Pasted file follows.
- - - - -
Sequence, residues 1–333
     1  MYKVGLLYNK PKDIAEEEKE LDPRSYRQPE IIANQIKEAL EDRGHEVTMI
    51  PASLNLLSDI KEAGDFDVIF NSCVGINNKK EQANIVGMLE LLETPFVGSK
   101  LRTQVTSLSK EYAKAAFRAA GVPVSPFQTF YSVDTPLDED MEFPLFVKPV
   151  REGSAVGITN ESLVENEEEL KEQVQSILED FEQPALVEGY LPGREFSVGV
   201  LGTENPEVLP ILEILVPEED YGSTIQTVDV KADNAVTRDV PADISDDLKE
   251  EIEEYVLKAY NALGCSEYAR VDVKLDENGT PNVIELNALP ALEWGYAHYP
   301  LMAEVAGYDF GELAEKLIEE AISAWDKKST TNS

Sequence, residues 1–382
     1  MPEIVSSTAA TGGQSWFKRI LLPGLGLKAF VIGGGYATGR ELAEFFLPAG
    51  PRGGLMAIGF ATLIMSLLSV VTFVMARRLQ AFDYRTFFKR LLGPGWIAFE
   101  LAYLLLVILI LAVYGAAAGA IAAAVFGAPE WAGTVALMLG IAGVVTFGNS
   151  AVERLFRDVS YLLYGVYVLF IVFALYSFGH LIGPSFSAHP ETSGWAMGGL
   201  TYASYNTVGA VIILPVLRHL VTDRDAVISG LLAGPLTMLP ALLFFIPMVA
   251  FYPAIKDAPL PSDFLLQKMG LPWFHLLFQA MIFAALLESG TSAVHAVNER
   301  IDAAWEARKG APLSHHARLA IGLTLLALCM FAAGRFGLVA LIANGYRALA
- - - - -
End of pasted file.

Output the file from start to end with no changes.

Sequence, residues 1–333
     1  MYKVGLLYNK PKDIAEEEKE LDPRSYRQPE IIANQIKEAL EDRGHEVTMI
    51  PASLNLLSDI KEAGDFDVIF NSCVGINNKK EQANIVGMLE LLETPFVGSK
   101  LRTQVTSLSK EYAKAAFRAA GVPVSPFQTF YSVDTPLDED MEFPLFVKPV
   151  REGSAVGITN ESLVENEEEL KEQVQSILED FEQPALVEGY LPGREFSVGV
   201  LGTENPEVLP ILEILVPEED YGSTIQTVDV KADNAVTRDV PADISDDLKE
   251  EIEEYVLKAY NALGCSEYAR VDVKLDENGT PNVIELNALP ALEWGYAHYP
   301  LMAEVAGYDF GELAEKLIEE AISAWDKKST TNS

Sequence, residues 1–382
     1  MPEIVSSTAA TGGQSWFKRI LLPGLGLKAF VIGGGYATGR ELAEFFLPAG
    51  PRGGLMAIGF ATLIMSLLSV VTFVMARRLQ AFDYRTFFKR LLGPGWIAFE
   101  LAYLLLVILI LAVYGAAAGA IAAAVFGAPE WAGTVALMLG IAGVVTFGNS
   151  AVERLFRDVS YLLYGVYVLF IVFALYSFGH LIGPSFSAHP ETSGWAMGGL
   201  TYASYNTVGA VIILPVLRHL VTDRDAVISG LLAGPLTMLP ALLFFIPMVA
   251  FYPAIKDAPL PSDFLLQKMG LPWFHLLFQA MIFAALLESG TSAVHAVNER
   301  IDAAWEARKG APLSHHARLA IGLTLLALCM FAAGRFGLVA LIANGYRALA